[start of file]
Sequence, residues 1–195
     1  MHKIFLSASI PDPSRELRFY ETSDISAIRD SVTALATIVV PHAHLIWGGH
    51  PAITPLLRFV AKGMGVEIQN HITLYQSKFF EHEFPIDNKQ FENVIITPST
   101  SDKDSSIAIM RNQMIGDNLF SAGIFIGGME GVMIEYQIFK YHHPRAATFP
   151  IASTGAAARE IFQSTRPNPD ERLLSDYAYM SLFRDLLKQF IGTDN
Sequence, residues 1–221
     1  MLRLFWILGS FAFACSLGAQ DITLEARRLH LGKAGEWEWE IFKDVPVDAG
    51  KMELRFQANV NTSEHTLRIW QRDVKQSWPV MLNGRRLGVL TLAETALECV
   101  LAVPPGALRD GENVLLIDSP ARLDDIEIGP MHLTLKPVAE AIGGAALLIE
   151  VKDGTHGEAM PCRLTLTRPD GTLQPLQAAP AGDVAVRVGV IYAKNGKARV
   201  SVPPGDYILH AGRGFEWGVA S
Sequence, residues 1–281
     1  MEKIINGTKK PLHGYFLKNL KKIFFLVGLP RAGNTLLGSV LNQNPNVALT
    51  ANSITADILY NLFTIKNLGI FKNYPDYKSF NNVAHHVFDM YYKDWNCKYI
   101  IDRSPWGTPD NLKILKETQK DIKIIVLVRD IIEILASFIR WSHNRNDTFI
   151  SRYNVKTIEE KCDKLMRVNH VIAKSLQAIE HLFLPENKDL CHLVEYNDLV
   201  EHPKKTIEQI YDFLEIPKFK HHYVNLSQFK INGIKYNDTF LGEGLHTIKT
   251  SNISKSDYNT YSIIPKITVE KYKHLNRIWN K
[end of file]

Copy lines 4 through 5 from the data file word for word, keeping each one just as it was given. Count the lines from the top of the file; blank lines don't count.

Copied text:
   101  SDKDSSIAIM RNQMIGDNLF SAGIFIGGME GVMIEYQIFK YHHPRAATFP
   151  IASTGAAARE IFQSTRPNPD ERLLSDYAYM SLFRDLLKQF IGTDN